Enrique Pena Nieto: Mexico President Real Life Telenovela

On Saturday Mexico’s Institutional Revolutionary Party (PRI) will retake the governmental reins via the dapper hands of smooth talking, 46 year-old President elect Enrique Peña Nieto. Earlier this week, a 14-page special report in the The Economist hailed the country as the one to watch in the ongoing quest of emerging markets to trump Brazil.

Declining birth and homicide rates, increased spending on education, and low manufacturing costs are but few of several social, economic, and political reasons cited for why Mexico’s evolving landscape could deliver a critical blow to the battle of the BRICS (an acronym for countries engaged in new economic development, mind you, of which Mexico is not a constituent).

And yet, amidst all these unprecedented new expectations for a nation about which only three years ago the Pentagon was grimly tossing around the idea of “failed state” in reference to its future, the buzziest news around the country’s re-emergence is the un-neglected fact that Senor Peña fathered two children out of wedlock. 

A question to consider is why, and to what extent, should a political figure’s pre-campaign confession to infidelity overshadow the notion that Latin America’s second largest economy may be justly poised to mitigate decades of corruption and violence?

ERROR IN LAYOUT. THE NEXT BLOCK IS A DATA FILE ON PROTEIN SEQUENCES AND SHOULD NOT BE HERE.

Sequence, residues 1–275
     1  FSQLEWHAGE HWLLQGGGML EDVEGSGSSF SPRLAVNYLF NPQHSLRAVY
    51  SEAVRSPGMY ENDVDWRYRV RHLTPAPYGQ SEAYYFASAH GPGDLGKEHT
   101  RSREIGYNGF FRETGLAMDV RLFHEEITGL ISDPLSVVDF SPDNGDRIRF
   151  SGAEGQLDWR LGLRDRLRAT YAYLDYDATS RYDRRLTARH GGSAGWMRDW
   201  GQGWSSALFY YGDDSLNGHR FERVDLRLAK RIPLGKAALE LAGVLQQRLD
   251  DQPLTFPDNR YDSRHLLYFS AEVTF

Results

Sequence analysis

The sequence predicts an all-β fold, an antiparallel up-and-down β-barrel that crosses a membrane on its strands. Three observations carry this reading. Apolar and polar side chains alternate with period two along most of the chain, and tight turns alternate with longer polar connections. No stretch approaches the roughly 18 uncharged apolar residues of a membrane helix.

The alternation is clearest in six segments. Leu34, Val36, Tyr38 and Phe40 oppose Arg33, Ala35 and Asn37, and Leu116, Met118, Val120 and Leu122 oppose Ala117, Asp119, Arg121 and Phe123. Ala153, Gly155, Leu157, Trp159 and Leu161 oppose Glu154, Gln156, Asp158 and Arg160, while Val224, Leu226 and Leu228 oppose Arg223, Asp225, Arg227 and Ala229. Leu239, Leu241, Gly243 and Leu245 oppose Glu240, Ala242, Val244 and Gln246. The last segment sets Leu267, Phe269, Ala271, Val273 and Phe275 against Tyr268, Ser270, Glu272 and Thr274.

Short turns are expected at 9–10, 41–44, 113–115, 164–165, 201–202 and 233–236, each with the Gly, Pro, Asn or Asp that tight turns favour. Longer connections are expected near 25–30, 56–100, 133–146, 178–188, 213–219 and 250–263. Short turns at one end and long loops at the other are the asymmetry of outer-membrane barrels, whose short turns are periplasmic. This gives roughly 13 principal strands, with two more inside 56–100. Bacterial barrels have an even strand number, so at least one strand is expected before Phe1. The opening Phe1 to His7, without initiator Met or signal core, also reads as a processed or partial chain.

Huffington Post ran coverage of “cheating website” AshleyMadison.com and its shameless promotion of discrete, extramarital services during the Presidential campaign. Peña was shown on a billboard in a lipstick-stained button-down, juxtaposed against the catchphrase “Unfaithful to His Family. Faithful and Committed to His Country."

According to the website representative, if “the candidate had used it services, no one would have found out about the affairs." Why must this eye-roll inducing cry for media attention trail alongside the more important news that last year Mexico’s economy outpaced Brazil with a growth rate around 4%, and Peña intends to have it up to 6% before he’s through? Should not the real question be whether Peña has the political chops to overcome the PRI’s marred reputation and lead Mexico forth into progressive reform?

Earlier this evening came the announcement of Peña’s top cabinet aides — all of whom will be tasked with pushing ahead on the economic policy overhauls and reducing drug violence. That should be what the global press pays attention to.

Said Mexican historian Enrique Krauze, “Mr. Peña must decide whether he wants to be the frustrated king of an old, unreformed country or the president who set its vast potential free.” Why not let this be the billboard statement instead?